What does your 2018 property assessment mean for your tax bill?


In the next few days, owners of more than 369,000 properties throughout Vancouver Island can expect to receive their 2018 assessment notices which reflect the market value as of July 1, 2017. The total value of all Greater Vancouver properties is up 9.9% year-over-year, with a total assessed value of $907.1 billion, compared with $825.2 billion last year.

Commercial units in urban areas are up between zero to 20 per cent and in rural areas numbers range from a decrease of five per cent to an increase of 25 per cent. There have been some suggestions that the property value boom in Metro Vancouver has created a spillover effect into smaller, more affordable communities - and the new figures show there might be some merit to that.

"Stratas are the area where the market is moving the most prominently this year", said BC Assessment Fraser Valley assessor Laura Schwagele.

Annually, BC Assessment grades the value of homes by analyzing a number of factors including current sale prices in the neighbourhood, property size, age, quality, condition, view and location.

"There has been a little bit less demand [for single-family homes]".

The increases seen this year were, on average, far less than those seen last year, when assessed values jumped 20-50%.

"The western communities increased, Sidney increased, and those jurisdictions previous year didn't experience the same kind of volume", said Deputy Assessor Gerry Marolla.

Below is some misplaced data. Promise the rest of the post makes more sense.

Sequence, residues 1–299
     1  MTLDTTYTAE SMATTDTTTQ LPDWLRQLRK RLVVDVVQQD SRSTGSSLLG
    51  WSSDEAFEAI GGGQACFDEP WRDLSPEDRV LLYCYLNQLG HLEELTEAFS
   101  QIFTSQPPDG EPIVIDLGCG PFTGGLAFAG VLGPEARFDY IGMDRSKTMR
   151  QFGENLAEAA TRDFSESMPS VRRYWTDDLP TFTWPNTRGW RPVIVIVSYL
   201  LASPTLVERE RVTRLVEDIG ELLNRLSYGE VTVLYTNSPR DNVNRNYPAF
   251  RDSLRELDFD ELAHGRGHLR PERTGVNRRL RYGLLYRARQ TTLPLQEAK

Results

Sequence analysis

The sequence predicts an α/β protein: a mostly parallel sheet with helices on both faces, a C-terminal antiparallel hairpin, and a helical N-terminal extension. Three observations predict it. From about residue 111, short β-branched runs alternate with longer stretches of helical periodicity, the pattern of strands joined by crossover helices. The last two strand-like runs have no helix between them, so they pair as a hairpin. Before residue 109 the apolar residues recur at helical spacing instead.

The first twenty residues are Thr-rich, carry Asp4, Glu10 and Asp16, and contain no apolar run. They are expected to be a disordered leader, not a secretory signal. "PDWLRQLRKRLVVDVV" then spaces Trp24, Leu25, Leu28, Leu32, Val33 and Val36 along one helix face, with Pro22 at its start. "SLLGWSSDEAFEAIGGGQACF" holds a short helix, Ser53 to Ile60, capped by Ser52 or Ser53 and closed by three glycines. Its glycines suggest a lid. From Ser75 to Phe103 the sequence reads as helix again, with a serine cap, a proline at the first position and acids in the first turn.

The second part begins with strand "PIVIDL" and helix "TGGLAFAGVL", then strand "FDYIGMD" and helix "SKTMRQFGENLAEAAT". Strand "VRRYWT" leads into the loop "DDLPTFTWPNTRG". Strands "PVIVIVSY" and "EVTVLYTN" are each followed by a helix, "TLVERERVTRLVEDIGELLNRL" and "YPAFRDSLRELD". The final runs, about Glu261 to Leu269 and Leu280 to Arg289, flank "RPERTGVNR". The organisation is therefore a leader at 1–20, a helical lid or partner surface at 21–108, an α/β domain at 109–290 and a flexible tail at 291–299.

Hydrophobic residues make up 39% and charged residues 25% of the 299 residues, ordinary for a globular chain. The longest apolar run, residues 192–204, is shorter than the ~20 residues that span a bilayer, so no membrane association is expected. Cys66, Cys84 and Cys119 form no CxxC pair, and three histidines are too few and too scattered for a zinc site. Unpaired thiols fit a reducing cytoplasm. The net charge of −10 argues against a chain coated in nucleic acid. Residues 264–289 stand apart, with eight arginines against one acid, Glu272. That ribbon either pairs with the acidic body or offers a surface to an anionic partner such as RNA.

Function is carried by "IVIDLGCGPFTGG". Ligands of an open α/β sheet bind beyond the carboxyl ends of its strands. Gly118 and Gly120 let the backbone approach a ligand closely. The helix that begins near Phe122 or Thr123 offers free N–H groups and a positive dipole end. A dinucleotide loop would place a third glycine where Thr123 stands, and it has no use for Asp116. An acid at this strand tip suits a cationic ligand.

Homeowners whose property values increase by more than the average in their city will see higher than usual tax increases, she added. The resulting assessment reflects the market value as of July 1.

Across the Fraser Valley, residential strata units have seen between 10 per cent and 40 per cent increases in value over the past year.

Metchosin saw the largest average increase in assessment value, as the average assessment for a single-family home as of July 1, 2017, was $716,000, up 25 per cent from $574,000 in July 2016.

Homeowners that don't agree with their assessment have the option to appeal their notice.

"Prior to this, the market had been stable with slight fluctuations up and down since 2008", said Wall. Owners can dispute assessment values by submitting a Notice of Complaint by January 31.

The review panels are independent of BC Assessment and are appointed annually by the provincial government.

The highest average single-family assessment in Greater Victoria was in Oak Bay, at $1.156 million, up from $1.036 million a year ago.

To qualify for this tax relief, the owner should submit a completed application form to BC Assessment each year by November 30 to receive the benefit in the following assessment/taxation year.

BC Assessment Authority continues their trend to aggressively pursue assessment valuation policies and property tax classification initiatives through legal challenges that will have long lasting impacts on all non-residential taxpayers.